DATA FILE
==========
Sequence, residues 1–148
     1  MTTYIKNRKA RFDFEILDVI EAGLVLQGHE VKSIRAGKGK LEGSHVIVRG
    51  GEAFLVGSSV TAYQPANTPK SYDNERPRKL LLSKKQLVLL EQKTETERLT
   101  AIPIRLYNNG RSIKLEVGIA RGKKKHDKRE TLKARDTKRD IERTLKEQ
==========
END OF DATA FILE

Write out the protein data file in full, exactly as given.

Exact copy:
Sequence, residues 1–148
     1  MTTYIKNRKA RFDFEILDVI EAGLVLQGHE VKSIRAGKGK LEGSHVIVRG
    51  GEAFLVGSSV TAYQPANTPK SYDNERPRKL LLSKKQLVLL EQKTETERLT
   101  AIPIRLYNNG RSIKLEVGIA RGKKKHDKRE TLKARDTKRD IERTLKEQ